Thursday, August 30, 2007

Singing with the Dogs

I have nothing against myself. And I don't think I'm being harsh.

But -

I can't sing worth a flip.

Years back someone came up to me and told me that I sing alright, but that I just don't have a very pleasant voice. Later on, out of curiosity I recorded myself just to hear what others hear (since the voice in MY head is not the voice you get to hear). Sure enough, my voice sounds like a third graders voice. Not in the sense that it sounded young and innocent and sweet, but in the sense that it sounded as though it had not yet formed into a real voice yet and was still a work in progress.

I have nothing against myself though. I play the piano, no matter how well I play I know that I've been called into it and give it my focus. Singing, especially once I discovered the woman was right, just hasn't been high on my list of things to do (publicly at least, privately is an entirely different matter).

I sing for myself, and I sing for God because nothing can hurt Him. :)

My neighbors dogs start barking and howling at three things: the train, the ambulance, and my singing. I'm not kidding either. I'm loud and heartfelt and it goes through my walls, my windows, and into my yard where the dogs begin howling. At some point I wondered briefly if it was Gods way of reminding me that even rocks could cry out and praise Him. But, I digress.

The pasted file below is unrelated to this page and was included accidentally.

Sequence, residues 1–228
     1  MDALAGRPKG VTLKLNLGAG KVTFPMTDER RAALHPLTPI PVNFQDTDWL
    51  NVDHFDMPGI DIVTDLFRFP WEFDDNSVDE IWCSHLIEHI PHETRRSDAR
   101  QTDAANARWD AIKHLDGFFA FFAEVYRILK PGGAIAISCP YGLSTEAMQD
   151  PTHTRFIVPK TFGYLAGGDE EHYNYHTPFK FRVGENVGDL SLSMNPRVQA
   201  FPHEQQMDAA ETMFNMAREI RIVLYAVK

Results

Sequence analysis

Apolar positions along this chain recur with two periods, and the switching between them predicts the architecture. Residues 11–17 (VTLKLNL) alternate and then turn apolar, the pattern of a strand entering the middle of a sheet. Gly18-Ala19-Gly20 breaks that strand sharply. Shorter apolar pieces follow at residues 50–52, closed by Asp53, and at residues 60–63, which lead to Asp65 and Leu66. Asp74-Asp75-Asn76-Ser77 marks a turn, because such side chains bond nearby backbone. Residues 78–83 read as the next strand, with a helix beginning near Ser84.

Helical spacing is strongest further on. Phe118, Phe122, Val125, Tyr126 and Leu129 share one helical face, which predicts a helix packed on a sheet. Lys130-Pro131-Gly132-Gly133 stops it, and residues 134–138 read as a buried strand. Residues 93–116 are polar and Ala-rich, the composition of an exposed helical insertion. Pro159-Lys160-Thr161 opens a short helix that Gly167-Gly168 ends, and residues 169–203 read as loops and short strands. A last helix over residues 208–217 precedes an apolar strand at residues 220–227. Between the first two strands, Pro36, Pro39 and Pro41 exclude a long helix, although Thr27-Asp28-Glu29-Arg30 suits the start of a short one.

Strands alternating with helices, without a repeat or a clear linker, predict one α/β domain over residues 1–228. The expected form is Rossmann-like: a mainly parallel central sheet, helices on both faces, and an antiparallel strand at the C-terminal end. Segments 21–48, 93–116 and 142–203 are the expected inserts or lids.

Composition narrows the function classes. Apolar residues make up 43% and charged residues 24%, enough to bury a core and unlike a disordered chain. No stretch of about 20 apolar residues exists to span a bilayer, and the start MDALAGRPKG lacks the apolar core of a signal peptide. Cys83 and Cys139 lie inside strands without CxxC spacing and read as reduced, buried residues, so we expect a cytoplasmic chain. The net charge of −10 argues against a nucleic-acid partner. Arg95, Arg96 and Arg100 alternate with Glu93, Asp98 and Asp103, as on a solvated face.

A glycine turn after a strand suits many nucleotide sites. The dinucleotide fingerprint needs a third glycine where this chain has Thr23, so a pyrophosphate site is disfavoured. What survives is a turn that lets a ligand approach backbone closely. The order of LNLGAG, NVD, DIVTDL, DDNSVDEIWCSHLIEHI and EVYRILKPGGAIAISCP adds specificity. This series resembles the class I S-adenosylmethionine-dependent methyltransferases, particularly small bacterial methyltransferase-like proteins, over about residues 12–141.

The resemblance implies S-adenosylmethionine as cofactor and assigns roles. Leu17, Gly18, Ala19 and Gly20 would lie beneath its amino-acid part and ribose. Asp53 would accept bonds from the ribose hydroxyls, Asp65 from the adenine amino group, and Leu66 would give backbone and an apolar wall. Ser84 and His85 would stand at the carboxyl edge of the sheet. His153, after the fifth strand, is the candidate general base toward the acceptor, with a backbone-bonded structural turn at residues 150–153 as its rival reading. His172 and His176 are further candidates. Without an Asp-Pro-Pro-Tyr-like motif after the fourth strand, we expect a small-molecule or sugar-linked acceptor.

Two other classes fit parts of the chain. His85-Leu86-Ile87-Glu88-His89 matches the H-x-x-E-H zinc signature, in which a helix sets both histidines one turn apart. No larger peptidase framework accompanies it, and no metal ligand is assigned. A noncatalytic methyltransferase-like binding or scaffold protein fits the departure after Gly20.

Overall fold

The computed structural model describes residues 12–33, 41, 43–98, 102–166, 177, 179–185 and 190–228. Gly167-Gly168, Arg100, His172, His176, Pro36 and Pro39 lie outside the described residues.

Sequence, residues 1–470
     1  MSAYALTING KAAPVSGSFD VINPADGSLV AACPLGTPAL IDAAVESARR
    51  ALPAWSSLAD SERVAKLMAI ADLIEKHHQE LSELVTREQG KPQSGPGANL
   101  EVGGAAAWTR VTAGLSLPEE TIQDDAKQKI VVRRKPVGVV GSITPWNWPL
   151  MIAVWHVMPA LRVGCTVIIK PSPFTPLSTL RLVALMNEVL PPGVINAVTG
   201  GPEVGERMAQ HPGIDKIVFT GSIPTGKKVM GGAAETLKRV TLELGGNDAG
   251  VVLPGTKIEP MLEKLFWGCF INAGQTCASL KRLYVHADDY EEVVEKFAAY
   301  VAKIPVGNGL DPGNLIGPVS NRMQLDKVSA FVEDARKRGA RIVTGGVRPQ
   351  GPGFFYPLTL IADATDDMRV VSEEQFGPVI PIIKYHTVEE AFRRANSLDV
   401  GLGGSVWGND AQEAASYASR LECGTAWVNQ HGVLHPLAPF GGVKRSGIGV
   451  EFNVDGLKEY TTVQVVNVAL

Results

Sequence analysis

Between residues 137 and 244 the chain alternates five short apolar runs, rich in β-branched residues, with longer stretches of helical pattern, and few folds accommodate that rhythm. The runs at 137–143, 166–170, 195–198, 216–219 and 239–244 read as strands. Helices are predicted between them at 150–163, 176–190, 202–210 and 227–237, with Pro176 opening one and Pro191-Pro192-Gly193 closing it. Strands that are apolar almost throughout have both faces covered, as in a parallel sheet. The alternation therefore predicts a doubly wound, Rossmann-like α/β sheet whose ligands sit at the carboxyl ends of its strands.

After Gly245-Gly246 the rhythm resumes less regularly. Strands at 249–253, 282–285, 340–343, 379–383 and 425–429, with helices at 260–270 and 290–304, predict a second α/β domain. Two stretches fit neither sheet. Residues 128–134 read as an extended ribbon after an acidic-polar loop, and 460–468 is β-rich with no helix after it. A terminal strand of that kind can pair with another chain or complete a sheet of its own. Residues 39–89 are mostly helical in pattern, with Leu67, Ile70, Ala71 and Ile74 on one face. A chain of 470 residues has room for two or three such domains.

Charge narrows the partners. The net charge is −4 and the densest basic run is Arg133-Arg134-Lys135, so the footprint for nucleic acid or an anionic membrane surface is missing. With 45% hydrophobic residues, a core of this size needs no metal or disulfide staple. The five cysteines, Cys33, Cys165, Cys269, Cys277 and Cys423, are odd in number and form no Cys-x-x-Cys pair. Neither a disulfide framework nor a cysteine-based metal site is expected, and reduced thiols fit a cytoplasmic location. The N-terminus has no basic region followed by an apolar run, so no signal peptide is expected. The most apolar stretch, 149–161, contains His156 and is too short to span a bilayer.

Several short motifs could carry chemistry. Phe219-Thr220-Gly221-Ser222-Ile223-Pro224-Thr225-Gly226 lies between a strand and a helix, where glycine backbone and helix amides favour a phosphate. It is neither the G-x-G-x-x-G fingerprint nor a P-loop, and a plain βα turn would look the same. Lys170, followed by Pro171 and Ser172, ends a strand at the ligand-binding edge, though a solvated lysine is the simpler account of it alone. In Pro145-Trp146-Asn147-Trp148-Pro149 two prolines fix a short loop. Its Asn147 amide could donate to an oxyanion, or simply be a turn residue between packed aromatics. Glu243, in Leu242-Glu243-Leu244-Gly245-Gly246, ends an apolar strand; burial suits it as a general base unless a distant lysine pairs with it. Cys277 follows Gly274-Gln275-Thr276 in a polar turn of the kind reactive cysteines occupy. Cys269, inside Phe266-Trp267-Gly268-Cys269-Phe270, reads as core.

For the last three services at my church, I've ended up being asked to sing for my poor (though thankfully somewhat hearing impaired) congregation. I had a choice to make during each and every service. No one ever stomped up to me and said SING NOW. I was asked. Most importantly, I was asked by a leader (I'll get to that part later) and so I could choose to either say "yes" or allow my own opinions of my singing -ok we can call it pride - to get in the way and say "no".

I said yes. I might not have said yes a year ago, but a couple of months back I had a conversation with a woman that truly impacted me. She is the woman I don't want to be like. Oh she has good qualities I wouldn't mind having (the word genteel fits her quite nicely) but I learned something from her weaknesses.